Among my predictions for 2009, was that the new Obama administration would push legislation and take other initiatives to promote Software-as-a-Service (SaaS) and cloud computing as part of its overhaul of the government and economic stimulus efforts.
“I’m a big believer in disruptive technology. If I went to the coffee shop, I would have more computing power than the police department. Consumers had better technology than the government did. I’m all about the cloud computing notion. I look at my lifestyle, and I want access to information wherever I am. I am killing projects that don’t investigate software as a service first.”
Support for SaaS and cloud computing isn’t only coming from the top of the governmental pyramid. Some of the country’s school systems and universities are also making a concerted effort to move to the cloud.
I’ve seen this first hand through the experiences of my three boys who are using Google Apps at the college, high school and middle school levels as a result of ad hoc prompting by a new generation of young teachers who are bringing SaaS tools into the classroom unilaterally to improve their teaching ability.
This ad hoc adoption of SaaS in the classroom is being encouraged by Google (GOOG) with a concerted sales and marketing effort which mirrors the successful campaign which Apple (AAPL) aimed at the classroom a decade ago that has produced a new generation of workers to the business world who prefer Macs instead of PCs.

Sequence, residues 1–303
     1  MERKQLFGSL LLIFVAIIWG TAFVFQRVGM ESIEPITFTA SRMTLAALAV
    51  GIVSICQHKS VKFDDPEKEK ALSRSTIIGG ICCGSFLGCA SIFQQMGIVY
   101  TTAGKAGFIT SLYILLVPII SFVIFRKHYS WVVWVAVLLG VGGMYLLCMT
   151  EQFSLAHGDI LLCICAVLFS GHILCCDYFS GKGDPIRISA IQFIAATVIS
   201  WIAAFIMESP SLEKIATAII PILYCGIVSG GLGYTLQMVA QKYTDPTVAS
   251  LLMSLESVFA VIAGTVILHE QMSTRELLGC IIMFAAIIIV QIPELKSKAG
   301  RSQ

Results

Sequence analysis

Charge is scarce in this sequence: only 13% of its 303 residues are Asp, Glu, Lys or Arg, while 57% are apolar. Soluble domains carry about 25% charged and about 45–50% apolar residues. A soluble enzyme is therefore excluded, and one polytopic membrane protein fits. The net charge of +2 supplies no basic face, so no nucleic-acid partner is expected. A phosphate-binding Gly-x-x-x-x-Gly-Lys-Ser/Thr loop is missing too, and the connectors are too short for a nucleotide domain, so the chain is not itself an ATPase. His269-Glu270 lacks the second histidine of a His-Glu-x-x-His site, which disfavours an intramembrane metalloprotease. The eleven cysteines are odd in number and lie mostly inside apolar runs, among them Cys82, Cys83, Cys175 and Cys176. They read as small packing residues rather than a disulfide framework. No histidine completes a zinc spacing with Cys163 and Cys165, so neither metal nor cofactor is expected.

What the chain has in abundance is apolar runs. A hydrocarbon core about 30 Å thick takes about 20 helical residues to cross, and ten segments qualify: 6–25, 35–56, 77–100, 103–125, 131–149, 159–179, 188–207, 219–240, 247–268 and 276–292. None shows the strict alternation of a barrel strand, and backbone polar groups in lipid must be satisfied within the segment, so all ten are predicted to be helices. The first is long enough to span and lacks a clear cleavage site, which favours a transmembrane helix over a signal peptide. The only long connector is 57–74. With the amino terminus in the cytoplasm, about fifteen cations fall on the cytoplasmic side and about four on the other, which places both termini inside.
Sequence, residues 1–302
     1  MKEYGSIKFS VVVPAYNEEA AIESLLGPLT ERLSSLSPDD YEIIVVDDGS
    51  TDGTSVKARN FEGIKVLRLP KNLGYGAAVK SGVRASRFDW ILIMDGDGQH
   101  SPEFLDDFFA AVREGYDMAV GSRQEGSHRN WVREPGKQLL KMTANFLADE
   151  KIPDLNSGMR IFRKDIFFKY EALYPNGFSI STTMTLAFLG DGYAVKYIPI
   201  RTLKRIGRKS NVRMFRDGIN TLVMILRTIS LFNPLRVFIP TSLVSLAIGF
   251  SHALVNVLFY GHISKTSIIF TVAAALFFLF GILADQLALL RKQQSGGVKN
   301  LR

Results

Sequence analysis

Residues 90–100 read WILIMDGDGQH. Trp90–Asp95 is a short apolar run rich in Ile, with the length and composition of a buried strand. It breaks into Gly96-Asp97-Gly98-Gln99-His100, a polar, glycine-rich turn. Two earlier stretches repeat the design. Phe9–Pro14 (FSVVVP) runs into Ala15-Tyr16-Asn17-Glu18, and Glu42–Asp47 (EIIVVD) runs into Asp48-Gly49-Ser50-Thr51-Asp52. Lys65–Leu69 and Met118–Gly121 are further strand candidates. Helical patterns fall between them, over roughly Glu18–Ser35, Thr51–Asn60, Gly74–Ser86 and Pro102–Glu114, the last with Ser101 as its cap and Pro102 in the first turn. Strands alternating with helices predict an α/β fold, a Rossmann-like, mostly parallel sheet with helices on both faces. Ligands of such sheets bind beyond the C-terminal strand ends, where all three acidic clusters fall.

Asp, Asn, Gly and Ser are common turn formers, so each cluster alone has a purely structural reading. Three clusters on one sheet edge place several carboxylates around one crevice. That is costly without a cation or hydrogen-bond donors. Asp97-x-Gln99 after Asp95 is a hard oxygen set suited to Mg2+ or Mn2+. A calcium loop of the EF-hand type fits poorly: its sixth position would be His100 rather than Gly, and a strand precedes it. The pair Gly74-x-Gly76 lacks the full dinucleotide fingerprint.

Christian universities lead the way
Abilene Christian University is an example of how the ad hoc adoption process, combined with Google’s new sales and marketing efforts, are succeeding in pushing institutions to migrate to SaaS.
I had the privilege of moderating a session regarding SaaS, cloud computing and managed services for NetworkWorld’s IT Roadmap in Dallas. The university’s networking manager, Arthur Brandt, talked about their migration to Google Apps. He also revealed that their move was a part of a larger, nationwide migration of a couple dozen Christian universities. Click here to read more.
A SaaS vendor focused on the education sector, SchoolDude.com, recently conducted its 2nd annual survey of IT professionals working in K-12 education. The survey generated some interesting data about SaaS adoption patterns in the public education sector
- 47% of the respondents are using at least one SaaS application
- Ease of deployment (72%) and less technical support required (65%) were the greatest motivators
- Data security is the biggest challenge (72%), interestingly this is up from 40% in last year’s survey
You can obtain an executive summary or register to get the full report and hear a webcast about the findings.
The bottom line: A new generation of SaaS/cloud computing adherents are quickly emerging from our schools. And, the Obama administration is going to become a key proponent of the SaaS/cloud computing movement.